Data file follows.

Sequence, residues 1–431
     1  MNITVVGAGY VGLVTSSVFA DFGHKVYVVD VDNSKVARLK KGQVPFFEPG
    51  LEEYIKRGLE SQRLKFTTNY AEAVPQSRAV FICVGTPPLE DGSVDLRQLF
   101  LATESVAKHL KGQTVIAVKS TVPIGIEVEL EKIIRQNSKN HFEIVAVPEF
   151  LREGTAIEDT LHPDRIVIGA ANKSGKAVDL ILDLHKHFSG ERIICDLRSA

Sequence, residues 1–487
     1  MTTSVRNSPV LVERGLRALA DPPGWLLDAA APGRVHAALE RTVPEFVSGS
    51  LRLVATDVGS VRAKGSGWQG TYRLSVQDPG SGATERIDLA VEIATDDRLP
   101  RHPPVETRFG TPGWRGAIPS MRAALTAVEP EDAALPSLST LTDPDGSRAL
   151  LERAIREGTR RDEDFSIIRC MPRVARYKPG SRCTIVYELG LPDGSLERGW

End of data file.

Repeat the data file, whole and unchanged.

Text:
Sequence, residues 1–431
     1  MNITVVGAGY VGLVTSSVFA DFGHKVYVVD VDNSKVARLK KGQVPFFEPG
    51  LEEYIKRGLE SQRLKFTTNY AEAVPQSRAV FICVGTPPLE DGSVDLRQLF
   101  LATESVAKHL KGQTVIAVKS TVPIGIEVEL EKIIRQNSKN HFEIVAVPEF
   151  LREGTAIEDT LHPDRIVIGA ANKSGKAVDL ILDLHKHFSG ERIICDLRSA

Sequence, residues 1–487
     1  MTTSVRNSPV LVERGLRALA DPPGWLLDAA APGRVHAALE RTVPEFVSGS
    51  LRLVATDVGS VRAKGSGWQG TYRLSVQDPG SGATERIDLA VEIATDDRLP
   101  RHPPVETRFG TPGWRGAIPS MRAALTAVEP EDAALPSLST LTDPDGSRAL
   151  LERAIREGTR RDEDFSIIRC MPRVARYKPG SRCTIVYELG LPDGSLERGW